"Did you think I could just leave you as you were?" Mustang's voice was soft with some emotion Ed couldn't—or didn't want to—place. "Did you think I would stand by and let Alphonse put himself in danger?"
He let out a sigh that was mostly growl. ". . . Fuck. I dunno if it's the blood loss or it was the air up north, but something's fried your brain."
He chuckled. "Actually, I would say this is the first clear-headed thing I've done in ages."
"If you say so." Ed turned to call for someone, but then remembered: "Oh—what's the deal with spinach quiche, anyway?"
Mustang looked like he'd been struck. ". . . What?" he said, his voice faint.
"Uh, well, my soul was trapped on the other side of the Gate," he rushed to explain, "which is as close to being dead as you can get without actually being dead, because—because the Gate is where . . . you know . . . when you die. . . ."
Mustang had made an odd, strangled sound. Ed cursed himself. As if the man hadn't suffered enough because of him.
But then Mustang sputtered and burst into the most exuberant laughter he'd ever heard from him. He fell back against the bed and curled onto his side, his whole frame shaking. He gasped for breath, but even after a few attempts couldn't get out anything more than "It's—it's from—"
Ed was shaking his head. "No. You know what? I don't need to know."
Mustang nodded, his face streaked with tears. He made a half-hearted attempt to wipe his cheeks on his arm before he stuttered into another fit of laughter.
Ed started to smile as he watched. "You've definitely gone screwy, Mustang." The other man seemed to find that hilarious.
Al had materialized at Ed's shoulder during the commotion. He was looking between them now like they'd both gone crazy. "Brother? What. . . ."
But Ed shook his head again. "I'll tell you in a minute. We should let this lunatic get some rest."
Al was pensive as he helped Ed back onto the couch. Ed realized that he probably hadn't gone more than two steps away from the door and had almost certainly overheard the entire conversation.
Winry had gone in to check on Mustang and Granny was fixing dinner, so now was as good a time as any. Putting it off would only cause his brother needless worry.
"Al . . . what you're thinking . . . yeah."
Al had stilled. His throat worked, but he remained quiet. Ed tugged him down, and pulled him into a hug. "That's from Mom." His own throat was starting to feel thick. "And—it's okay. That's what she wants us to know, more than anything else: it's okay. And she's proud."
Al made a quiet noise, then rested his head against his brother's chest as his shoulders started to tremble. Ed thought he'd been done with all his crying, but as he tucked Al's head under his chin his eyes were starting to swim. "She said to remember that." He screwed his eyes shut and repeated, "It's okay."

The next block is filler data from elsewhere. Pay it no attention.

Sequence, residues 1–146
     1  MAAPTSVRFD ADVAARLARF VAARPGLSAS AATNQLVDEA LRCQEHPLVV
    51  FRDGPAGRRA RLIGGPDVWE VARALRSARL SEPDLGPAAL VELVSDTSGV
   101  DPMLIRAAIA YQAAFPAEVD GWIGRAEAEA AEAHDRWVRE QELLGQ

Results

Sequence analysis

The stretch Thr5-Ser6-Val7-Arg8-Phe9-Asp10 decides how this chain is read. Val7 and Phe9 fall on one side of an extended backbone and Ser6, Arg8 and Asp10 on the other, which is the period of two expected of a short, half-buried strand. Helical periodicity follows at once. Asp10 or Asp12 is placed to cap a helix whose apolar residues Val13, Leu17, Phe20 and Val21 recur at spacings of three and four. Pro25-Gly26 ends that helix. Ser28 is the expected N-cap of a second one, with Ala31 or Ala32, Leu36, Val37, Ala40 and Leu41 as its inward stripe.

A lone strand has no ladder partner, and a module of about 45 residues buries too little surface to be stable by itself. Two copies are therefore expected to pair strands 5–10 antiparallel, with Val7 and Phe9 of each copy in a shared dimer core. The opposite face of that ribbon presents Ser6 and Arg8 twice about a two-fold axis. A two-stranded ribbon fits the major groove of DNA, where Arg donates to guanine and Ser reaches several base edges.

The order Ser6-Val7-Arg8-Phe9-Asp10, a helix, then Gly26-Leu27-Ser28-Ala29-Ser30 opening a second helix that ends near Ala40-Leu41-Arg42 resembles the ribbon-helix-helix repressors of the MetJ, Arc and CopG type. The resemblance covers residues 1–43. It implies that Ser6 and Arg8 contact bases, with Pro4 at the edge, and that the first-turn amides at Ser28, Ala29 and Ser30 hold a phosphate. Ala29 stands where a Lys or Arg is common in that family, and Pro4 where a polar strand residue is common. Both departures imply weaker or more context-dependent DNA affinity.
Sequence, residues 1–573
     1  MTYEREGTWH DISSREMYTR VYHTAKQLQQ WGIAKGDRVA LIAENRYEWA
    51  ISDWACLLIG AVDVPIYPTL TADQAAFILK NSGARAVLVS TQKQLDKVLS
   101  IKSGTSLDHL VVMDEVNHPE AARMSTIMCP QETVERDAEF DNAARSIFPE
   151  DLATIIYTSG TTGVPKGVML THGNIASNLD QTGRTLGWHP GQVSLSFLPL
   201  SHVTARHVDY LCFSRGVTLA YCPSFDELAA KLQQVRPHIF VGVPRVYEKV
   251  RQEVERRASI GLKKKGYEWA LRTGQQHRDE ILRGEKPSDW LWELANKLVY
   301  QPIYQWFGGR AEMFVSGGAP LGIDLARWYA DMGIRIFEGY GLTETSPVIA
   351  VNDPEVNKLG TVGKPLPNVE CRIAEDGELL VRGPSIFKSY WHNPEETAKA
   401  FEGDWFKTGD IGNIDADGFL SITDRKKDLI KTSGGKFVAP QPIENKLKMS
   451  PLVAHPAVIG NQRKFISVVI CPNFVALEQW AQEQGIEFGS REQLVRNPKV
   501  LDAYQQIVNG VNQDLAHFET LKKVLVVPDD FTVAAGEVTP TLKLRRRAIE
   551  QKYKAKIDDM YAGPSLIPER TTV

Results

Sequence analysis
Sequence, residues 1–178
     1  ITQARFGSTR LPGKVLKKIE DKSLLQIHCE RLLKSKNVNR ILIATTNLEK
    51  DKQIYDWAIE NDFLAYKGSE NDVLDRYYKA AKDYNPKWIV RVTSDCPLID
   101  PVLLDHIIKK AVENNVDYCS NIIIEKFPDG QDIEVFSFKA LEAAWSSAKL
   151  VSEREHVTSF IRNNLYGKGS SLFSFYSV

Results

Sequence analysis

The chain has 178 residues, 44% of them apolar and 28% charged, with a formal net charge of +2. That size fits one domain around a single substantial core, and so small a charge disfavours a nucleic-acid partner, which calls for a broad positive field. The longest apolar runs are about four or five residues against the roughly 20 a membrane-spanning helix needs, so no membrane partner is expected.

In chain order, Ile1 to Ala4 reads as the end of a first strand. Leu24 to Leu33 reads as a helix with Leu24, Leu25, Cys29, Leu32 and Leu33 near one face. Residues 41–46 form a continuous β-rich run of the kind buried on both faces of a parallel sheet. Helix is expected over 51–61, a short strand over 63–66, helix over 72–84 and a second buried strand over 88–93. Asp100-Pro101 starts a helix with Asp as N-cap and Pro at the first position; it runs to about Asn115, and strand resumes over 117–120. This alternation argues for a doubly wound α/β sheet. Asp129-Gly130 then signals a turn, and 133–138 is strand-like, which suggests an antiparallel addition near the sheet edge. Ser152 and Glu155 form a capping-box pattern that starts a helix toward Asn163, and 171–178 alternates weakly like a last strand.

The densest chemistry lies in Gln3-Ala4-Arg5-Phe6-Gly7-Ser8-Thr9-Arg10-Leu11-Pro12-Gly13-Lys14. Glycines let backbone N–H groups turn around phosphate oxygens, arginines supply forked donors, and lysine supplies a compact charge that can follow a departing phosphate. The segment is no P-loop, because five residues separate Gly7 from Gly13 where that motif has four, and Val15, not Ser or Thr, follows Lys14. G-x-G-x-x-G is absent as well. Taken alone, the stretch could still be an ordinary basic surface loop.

Roy watched through the window as Al steadied his brother and then stepped back, one arm still extended. Ed had insisted on being fitted with a lightweight leg, wanting as little to do with the wheelchair as possible. He took a few tentative steps now balanced with only a crutch before Al reached out to steady him again.
"He never could tolerate sitting still," Pinako remarked. "Except when he'd get sucked into a book. Any other time he had to be moving around."
"Mm." Roy was remembering the fidgeting and restlessness whenever Ed was in his office for more than five minutes. It was so good to see that energy again after the unnatural calm of the last two years that he couldn't keep his eyes off of him.
He shook himself out of his thoughts with some effort. "Ah . . . my apologies. You were explaining the different options."
"We wrapped that up a couple minutes ago."
"Ah . . . right. So we did." He stole another sheepish glance out the window before turning back. "Well . . . my decision hasn't changed. As . . . daunting as automail surgery and recovery sounds. . . ." He looked down. His bandaged, truncated arms still seemed surreal. He wondered just when it would hit him. "I need hands." Noninvasive prosthetics were tempting, but the thought of going through life with only half the dexterity he could have. . . .
"That's what I figured. I just need you to know what you're in for." She drew on her pipe as she thought. "Now, you'll be dealing with partial limbs, but hands are tricky. I'd say it's still going to be at least two, maybe as much as three years before you're recovered. That idiot," she poked the pipe stem out the window, "did it in one, but he pushed himself so hard he was vomiting blood." Roy looked at her in horror. But the old woman stuck her pipe between her teeth and finished with a simple, "I don't recommend that."
"Uh." He looked back out the window. Ed was leaning against his brother now, but after a moment and a few tense exchanges he pulled back, bracing himself with the crutch. Always pushing forward. "I'm—I'm in no such hurry."
"Glad to hear it." She tapped together the spec sheets she'd been showing him and tucked the bundle under her arm. "I should get started on lunch." She laughed. "If anything will get that boy to take a rest, it's food."
Roy grimaced, rubbing the side of one throbbing arm against his leg. He hadn't had much appetite the night before, but this morning he'd had a taste of just how much of an . . . inconvenience . . . life without hands could be.
Pinako poked him in the chest with her pipe. "And you, young man, will do a lot better once you get over yourself."
"You heard me. We see every sort of injury and handicap here, and I can tell you, there isn't a one of them that can't be overcome or worked around, even without automail. But you need to let go of any notions you have of doing anything the way you used to—and it wouldn't be a bad idea to set aside silly things like pride and dignity while you're at it. You get me?"
He had to fight the urge to come to attention. "Yes ma'am."